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I was immediately struck with feelings of recognition as the play opened and the characters’ movements and interactions copied the motions of the corresponding scenes within the movie exactly. I felt as though I was back in front of the television watching Rocky
for the hundredth time. The blocking, turns of the head, subtle motions of the hands in the film had been meticulously studied and transcribed to the stage at the Starr. But there were also crucial differences: Rocky was being played by a female, the very capable and very scrappy Rebecca Lingafelter (in fact all the film’s gender roles are reversed in the play) and instead of punching through the sparse dialogue of the film, Adrian, played flawlessly by Bushwick Starr Managing Director Noel Allain, was giving Rocky driving directions from the heart of Manayunk to South Street. Initially I was enthralled and laughed out loud at the characteristic Philadelphia-isms such as the terrors of the Skuykill Expressway and growing up in commune-like row homes, but I soon realized that if one wasn't intimately familiar with the film, or had a cursory knowledge of Philadelphia, then many of the play's jokes and comedic turns might be missed, especially with the rapid-fire scene changes and tonal shifts.
The play runs for 90 minutes with no intermission (stock up on beer beforehand) and the actors are moving the whole time, quickly; they were visibly sweaty and fatigued by the end, much like Rocky by the 15th round. They jog from place to place on the medium-sized stage to make the changes happen and my heart started to beat a little faster just watching them. I gave up trying to keep real-time notes as we were whisked from Rocky's apartment to the slaughterhouse and back in the space of 2 or 3 minutes. It wasn't until Mick's (Marty Brown) slow walk up Rocky's apartment building steps that the audience was given a chance to breathe, and this was a good three quarters of the way through the play.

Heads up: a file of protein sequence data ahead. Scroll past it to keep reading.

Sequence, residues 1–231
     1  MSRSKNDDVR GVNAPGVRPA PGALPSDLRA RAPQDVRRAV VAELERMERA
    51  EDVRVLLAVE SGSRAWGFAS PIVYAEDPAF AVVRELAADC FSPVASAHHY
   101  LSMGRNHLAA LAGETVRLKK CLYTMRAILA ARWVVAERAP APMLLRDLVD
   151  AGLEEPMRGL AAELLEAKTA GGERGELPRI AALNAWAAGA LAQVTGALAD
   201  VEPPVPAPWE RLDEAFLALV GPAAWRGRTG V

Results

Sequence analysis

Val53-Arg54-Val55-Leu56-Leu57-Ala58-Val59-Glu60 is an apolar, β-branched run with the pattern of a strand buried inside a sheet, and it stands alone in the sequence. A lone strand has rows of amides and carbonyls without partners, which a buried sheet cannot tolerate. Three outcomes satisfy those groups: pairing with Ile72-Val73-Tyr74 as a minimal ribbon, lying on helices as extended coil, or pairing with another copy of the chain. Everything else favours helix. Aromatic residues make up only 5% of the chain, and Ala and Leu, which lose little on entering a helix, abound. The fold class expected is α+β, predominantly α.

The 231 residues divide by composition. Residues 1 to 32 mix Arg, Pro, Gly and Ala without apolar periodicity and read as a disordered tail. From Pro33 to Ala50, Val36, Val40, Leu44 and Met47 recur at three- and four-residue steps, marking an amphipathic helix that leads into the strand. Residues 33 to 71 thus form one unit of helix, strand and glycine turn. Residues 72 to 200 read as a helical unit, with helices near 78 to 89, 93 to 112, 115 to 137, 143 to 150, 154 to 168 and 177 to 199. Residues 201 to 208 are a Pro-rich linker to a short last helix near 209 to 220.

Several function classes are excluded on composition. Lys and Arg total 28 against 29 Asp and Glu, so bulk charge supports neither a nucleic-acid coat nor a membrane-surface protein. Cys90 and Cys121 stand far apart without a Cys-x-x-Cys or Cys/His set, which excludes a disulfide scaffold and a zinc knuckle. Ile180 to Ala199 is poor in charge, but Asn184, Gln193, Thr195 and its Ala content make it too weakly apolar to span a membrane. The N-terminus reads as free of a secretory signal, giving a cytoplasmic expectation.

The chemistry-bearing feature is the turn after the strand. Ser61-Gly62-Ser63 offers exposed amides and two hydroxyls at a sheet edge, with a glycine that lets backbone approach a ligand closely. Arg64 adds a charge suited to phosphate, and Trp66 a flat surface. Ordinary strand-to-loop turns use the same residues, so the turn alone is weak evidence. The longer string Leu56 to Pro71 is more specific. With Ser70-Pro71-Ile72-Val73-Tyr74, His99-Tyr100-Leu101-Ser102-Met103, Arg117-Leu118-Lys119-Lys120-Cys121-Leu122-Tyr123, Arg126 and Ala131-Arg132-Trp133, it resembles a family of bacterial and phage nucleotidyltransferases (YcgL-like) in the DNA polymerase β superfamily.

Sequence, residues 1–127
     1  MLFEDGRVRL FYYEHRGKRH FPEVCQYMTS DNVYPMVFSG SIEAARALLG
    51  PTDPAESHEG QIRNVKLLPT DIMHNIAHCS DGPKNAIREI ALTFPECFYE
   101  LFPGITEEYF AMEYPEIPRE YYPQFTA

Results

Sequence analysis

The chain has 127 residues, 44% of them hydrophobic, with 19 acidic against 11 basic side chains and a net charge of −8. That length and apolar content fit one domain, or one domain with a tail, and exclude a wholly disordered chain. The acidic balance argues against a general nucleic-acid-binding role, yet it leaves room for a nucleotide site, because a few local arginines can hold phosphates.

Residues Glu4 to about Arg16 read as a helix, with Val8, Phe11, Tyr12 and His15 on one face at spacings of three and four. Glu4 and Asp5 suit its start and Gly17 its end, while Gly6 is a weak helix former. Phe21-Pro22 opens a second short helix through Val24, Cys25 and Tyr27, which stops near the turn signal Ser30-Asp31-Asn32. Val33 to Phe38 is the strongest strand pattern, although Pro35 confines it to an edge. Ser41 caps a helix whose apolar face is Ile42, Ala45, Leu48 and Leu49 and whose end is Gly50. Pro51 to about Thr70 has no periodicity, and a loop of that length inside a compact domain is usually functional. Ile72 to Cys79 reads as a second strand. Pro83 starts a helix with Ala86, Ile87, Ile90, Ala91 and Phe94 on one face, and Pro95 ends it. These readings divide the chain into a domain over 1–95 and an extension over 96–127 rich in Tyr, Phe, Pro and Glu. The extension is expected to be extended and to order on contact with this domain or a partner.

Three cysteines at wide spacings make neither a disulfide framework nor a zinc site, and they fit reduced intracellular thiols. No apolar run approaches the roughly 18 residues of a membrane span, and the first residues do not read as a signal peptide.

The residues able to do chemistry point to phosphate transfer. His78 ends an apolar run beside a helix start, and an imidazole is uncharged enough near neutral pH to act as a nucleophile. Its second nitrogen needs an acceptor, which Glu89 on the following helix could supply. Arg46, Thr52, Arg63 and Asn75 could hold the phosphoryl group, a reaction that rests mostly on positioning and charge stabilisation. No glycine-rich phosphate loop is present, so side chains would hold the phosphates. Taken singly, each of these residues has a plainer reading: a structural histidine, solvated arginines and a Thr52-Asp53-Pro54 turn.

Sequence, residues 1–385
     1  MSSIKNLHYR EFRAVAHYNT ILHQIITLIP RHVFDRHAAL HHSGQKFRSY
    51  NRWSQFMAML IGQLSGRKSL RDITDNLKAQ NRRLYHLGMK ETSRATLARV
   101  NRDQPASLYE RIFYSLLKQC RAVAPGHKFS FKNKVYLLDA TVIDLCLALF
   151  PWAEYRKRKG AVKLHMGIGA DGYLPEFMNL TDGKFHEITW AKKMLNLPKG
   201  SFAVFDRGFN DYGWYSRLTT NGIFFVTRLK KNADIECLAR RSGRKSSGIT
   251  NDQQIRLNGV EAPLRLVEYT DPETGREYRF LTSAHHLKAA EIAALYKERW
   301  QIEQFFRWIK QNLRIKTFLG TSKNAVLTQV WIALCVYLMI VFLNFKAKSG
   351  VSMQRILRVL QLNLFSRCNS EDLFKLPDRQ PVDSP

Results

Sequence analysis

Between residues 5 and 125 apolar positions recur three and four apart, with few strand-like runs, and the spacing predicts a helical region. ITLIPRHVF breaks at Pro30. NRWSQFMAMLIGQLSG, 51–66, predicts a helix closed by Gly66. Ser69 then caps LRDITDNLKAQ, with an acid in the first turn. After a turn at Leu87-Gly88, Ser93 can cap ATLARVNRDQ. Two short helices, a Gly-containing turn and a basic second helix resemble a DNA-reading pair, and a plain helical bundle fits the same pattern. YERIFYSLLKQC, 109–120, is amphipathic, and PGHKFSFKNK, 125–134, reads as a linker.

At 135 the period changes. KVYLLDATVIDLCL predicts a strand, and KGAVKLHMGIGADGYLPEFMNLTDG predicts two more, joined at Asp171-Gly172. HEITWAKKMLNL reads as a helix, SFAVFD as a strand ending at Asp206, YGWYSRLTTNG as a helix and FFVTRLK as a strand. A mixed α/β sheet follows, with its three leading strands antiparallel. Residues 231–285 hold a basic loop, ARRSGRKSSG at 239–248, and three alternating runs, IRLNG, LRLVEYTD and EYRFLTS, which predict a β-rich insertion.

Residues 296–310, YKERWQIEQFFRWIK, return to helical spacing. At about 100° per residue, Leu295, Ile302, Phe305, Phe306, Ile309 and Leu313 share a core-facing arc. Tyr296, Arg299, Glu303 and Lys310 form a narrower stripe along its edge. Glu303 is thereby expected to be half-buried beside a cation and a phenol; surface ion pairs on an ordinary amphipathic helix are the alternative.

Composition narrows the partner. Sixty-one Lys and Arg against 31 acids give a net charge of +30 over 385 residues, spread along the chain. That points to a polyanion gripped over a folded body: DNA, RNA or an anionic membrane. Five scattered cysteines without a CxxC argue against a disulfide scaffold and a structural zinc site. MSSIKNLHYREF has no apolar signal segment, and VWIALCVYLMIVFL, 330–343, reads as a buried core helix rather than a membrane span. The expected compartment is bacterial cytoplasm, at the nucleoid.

If the dialogue in the vignettes within the play was of the semi-mundane, contrived and pointless Resevoir Dog
variety I might not have faulted the choppy scene switching and just immersed myself in the fun of the fast paced production. Because it definitely is fun to watch and the smile never left my face–listening to Adrian talk about her first foray into lesbian experimentation while Rocky looked on earnestly, hanging on her every word, had the audience in stitches. But the dialogue has been culled verbatim from real people and is important for that very reason. The true stories touch on everything and anything that a Philadelphia native–and American for that matter–might want to talk about and were recorded on the street, almost at random, with speakers not knowing why they were being interviewed.